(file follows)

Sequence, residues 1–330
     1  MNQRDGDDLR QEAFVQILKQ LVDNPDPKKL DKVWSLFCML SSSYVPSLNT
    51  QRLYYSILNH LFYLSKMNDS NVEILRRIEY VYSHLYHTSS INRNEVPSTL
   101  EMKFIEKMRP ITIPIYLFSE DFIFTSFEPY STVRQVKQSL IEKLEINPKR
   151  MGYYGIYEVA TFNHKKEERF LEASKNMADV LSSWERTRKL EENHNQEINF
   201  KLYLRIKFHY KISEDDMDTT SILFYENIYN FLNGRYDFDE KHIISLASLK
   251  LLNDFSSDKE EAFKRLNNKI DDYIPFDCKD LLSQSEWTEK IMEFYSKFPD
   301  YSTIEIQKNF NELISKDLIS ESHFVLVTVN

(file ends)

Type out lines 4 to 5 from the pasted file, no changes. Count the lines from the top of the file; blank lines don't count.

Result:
   101  EMKFIEKMRP ITIPIYLFSE DFIFTSFEPY STVRQVKQSL IEKLEINPKR
   151  MGYYGIYEVA TFNHKKEERF LEASKNMADV LSSWERTRKL EENHNQEINF